for good to those who love God, to those who are called according to His purpose. Rom.8:26 NKJV
It takes two munchkins, not to replace, but to ease the grief. In 1994, I began rescuing dogs whose owners no longer wanted them and put them out in the country where they were left to fend for themselves. Some were brought to a vet clinic where I worked. Of these, one was a blind Cocker spaniel, Stevie, and another was a chocolate Labrador retriever, Sara, with heartworms and a mammary tumor. Sam, was a puppy with a mild seizure disorder, who was found wandering and brought to the clinic. I adopted all three, only later discovering Sam’s condition. Of the 30 dogs rescued through those two decades, Sam was the last one left. We were together for 16 years. He saw me through many trials and joys. Sam died this weekend. He was of another generation.
A new generation started with the adoption of Luke in October, and now two mixed great Pyrenees puppies. I miss you, Sam. Rest in peace, my friend.
Et nous savons que toutes choses travaillent ensemble pour le bien de ceux qui aiment Dieu, de ceux qui sont appelés selon son dessein. Rom.8:26 NKJV
Il prend deux elfes, non pas à remplacer, mais à faciliter la douleur. En 1994, j’ai commencé au sauvetage les chiens dont les propriétaires ne voulaient plus et de les mettre dans le pays où ils étaient laissés à eux-mêmes. Certaines ont été portées à un vétérinaire clinique où j’ai travaillé. L’un d’entre eux était un aveugle Cocker Épagneul Breton, Stevie Wonder, et un autre était un chocolat Labrador retriever, Sara, avec heartworms et une tumeur mammaire. Sam, était un chiot avec une légère convulsion, qui a été trouvée errant et portés à la clinique. J’ai adopté tous les trois, seulement plus tard découvrir Sam’s condition. Sur les 30 chiens sauvés grâce à ces deux dernières décennies, Sam était le dernier gauche. Nous avons été ensemble pendant 16 ans. Il m’a vu à travers de nombreuses épreuves et joies. Sam est décédé ce week-end. Il était d’une autre génération. Une nouvelle génération a commencé avec l’adoption de Luke en octobre, et maintenant deux mixtes grand Pyrénées chiots. Tu me manques, Sam. Repose en paix, mon ami.
righteousness and peace have kissed. Ps. 85:10 CEB
It was late October and Luke had been hanging out in the neighborhood for several days. Roaming freely this brindle-colored canine was fickle. He would go up to and make friends with other dogs on our street while simultaneously watching for soft touches for a free meal. Two households were providing food and water to the interloper. When I placed a dish of food beside the horse trailer, it was a commitment.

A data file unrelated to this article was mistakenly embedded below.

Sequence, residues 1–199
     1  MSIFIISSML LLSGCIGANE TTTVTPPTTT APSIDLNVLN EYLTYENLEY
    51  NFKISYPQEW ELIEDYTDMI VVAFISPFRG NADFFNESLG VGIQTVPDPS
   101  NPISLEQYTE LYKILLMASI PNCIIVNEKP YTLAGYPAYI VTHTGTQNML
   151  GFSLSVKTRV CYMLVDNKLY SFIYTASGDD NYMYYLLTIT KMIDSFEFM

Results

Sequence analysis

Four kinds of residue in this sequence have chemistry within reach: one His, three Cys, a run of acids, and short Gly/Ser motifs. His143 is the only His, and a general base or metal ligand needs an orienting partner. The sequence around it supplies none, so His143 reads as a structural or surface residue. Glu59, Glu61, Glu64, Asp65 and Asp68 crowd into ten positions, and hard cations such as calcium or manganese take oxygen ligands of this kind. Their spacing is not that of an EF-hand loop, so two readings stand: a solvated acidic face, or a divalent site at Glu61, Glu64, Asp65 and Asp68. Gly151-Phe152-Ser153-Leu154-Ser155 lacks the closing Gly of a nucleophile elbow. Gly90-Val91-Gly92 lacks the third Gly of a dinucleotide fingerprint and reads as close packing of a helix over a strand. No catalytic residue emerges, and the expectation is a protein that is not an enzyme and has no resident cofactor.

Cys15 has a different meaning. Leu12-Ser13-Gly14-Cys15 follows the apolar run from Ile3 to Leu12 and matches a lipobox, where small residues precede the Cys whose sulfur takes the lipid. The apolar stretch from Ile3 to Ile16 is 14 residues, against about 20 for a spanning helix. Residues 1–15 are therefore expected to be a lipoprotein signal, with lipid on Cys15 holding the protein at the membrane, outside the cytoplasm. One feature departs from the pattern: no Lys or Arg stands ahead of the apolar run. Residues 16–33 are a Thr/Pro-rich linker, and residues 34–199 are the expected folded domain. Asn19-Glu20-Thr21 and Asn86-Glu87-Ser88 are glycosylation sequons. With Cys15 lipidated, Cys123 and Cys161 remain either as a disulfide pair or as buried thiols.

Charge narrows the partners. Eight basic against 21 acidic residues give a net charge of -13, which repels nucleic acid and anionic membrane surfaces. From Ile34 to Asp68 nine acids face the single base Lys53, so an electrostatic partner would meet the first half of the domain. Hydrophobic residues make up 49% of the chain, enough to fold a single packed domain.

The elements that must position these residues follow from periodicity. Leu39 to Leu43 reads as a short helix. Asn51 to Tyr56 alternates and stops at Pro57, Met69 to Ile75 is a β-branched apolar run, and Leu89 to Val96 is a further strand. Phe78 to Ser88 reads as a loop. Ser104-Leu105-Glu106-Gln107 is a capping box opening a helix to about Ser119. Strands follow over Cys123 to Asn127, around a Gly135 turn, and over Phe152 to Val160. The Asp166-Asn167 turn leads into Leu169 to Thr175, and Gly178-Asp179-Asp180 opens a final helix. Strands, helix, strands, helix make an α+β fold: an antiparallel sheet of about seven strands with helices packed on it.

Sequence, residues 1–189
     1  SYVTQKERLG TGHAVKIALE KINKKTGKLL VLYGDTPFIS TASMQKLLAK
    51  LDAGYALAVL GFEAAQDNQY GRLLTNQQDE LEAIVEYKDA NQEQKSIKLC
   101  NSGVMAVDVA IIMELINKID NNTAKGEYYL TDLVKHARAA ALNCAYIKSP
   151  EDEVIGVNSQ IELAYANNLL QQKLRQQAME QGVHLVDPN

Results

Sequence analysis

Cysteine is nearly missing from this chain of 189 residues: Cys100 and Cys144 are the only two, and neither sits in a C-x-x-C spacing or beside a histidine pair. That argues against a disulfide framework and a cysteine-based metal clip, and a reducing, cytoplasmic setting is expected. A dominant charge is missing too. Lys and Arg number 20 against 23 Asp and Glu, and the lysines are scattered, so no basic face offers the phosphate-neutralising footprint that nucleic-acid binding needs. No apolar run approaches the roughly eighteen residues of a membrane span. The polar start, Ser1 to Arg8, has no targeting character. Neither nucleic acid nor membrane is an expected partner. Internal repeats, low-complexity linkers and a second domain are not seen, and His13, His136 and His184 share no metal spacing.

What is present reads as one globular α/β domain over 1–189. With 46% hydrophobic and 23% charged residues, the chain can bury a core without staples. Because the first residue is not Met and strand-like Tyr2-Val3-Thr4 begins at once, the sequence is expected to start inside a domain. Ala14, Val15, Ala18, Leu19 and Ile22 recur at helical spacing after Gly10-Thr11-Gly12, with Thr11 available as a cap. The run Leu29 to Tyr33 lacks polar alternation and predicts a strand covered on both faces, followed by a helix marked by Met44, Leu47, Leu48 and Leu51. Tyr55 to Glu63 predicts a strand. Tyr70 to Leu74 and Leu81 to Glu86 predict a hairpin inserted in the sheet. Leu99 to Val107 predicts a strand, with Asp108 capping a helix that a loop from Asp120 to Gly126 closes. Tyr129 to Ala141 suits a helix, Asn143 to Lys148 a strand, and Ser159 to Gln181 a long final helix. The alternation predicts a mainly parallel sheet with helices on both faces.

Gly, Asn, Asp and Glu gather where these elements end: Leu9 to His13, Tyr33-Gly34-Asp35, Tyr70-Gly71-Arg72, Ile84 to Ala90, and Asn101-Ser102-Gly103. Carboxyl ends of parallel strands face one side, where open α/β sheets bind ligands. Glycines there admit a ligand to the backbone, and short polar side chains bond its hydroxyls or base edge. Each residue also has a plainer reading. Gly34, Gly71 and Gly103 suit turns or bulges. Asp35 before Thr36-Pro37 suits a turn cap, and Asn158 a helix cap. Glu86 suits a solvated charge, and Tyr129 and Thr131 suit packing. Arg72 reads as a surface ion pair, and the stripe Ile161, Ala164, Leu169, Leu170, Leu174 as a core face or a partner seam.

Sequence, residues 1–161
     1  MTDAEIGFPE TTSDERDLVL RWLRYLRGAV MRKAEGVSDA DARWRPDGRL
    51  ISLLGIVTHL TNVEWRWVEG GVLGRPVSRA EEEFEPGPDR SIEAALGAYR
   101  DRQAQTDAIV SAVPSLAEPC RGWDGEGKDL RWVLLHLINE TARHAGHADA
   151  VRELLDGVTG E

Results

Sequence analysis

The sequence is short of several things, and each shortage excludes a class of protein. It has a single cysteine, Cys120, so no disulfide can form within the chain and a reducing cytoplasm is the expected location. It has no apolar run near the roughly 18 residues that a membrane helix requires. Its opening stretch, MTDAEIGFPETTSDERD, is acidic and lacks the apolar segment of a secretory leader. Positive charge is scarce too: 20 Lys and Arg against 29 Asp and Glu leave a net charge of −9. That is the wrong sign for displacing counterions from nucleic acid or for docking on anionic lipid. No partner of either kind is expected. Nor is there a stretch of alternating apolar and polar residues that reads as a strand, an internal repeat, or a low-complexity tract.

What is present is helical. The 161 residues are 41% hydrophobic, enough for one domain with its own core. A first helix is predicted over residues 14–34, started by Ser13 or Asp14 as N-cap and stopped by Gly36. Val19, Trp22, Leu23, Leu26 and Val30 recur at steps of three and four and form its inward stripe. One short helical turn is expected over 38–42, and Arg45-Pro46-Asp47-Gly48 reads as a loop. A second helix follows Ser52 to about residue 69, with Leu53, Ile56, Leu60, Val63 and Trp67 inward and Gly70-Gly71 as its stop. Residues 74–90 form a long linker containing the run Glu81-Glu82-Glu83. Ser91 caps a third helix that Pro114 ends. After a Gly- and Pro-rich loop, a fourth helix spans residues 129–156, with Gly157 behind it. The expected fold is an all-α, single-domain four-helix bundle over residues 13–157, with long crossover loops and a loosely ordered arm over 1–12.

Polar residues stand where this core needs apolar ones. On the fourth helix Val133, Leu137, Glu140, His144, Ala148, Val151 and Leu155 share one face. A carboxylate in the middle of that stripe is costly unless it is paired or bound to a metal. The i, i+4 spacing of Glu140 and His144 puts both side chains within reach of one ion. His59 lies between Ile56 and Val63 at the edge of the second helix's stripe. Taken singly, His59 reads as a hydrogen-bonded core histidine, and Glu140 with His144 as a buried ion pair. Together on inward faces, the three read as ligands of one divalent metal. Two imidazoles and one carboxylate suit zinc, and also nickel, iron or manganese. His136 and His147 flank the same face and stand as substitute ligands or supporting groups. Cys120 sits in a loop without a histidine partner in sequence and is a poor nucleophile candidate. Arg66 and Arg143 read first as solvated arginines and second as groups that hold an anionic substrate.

But how would Sam, my 14-year-old, 85 pound, mixed breed take to him, I wondered. Sam is protective and doesn’t cotton to strangers, most fanatically not to humans. Oh, he likes my octogenarian female friend. However, she and only she is welcome in our 400 square foot cabin, as far as Sam is concerned.
Not taking any chances I rushed to purchase two muzzles, one for each dog, before introducing the latest rescue, now called Luke. At first separated by a doggy gate, Sam primarily ignored the upstart. After a few days the gate was used mostly at feeding. The muzzle still comes in handy when taking rations to the livestock or being gone for brief periods.
It turns out Luke still has enough puppy in him that furniture and other items appear perfect for teething, despite the fact that Luke doesn’t have a single baby tooth in his mouth. For long departures he is crated.
Recently, Luke has taken to checking on me around 3:00 am. The futon when unfolded is closer to the ground than a normal bed. While sleeping soundly, Luke approaches and first sniffs my face, then up comes a paw followed by a second one.
I say, “No,” several times while placing his legs firmly on the floor. Finally, I forcefully tell him to “stop and go lie down,” which he does. Half Sam’s size Luke is still ample. At different times in the day he gets a notion to crawl up in my lap and put his head on my chest with feet still grounded.
When all the affection he desires is not reciprocated or the session has concluded, Luke goes over to Sam. He has even once or twice licked Sam’s face. Sometimes Luke reclines beside the alpha dog, who has accepted the newest member of the family in stride.
sow the seeds of justice by their peaceful acts. James 3:18 CEB
Not only did the Great Dane Jackie pal with the baby bovine Holly, she also became friends with the Brahma Sonny. In addition to straddling the bull who was OK with her presence, she also climbed on top of him. A few years later all the critters took up residence in Tennessee.
and definitely not the Siddhartha of Hermann Hesse
Sid, the wanderer, just appeared one day with tail wagging at a gated area beside the house. Asking around, I was not able to find his owner. Sid has the build, the color and the markings of an Australian cattle dog which seems appropriate for our farm.
Friendly and eager to please, he has one annoying habit that could be the reason he ended up fending for himself out in the country. Sid thinks jumping up on people and horses will endear him. To the contrary, this is a habit we have been working to dissuade for the better part of a year.
Jack, the Palomino paint who shares space with the canines when they come out for their constitutional, has taken an interest in Sid and one other canine named Sam. To my surprise Sid will lie on his back in complete surrender or sit perfectly still while Jack sniffs or licks him.
Fed grain directly on the back porch since he tips over his dish, Jack usually misses some pellets before beginning to consume hay. Once Sid hits the back yard his first stop is the porch. Leaving the hay Jack returns alongside his pal to find a few more morsels.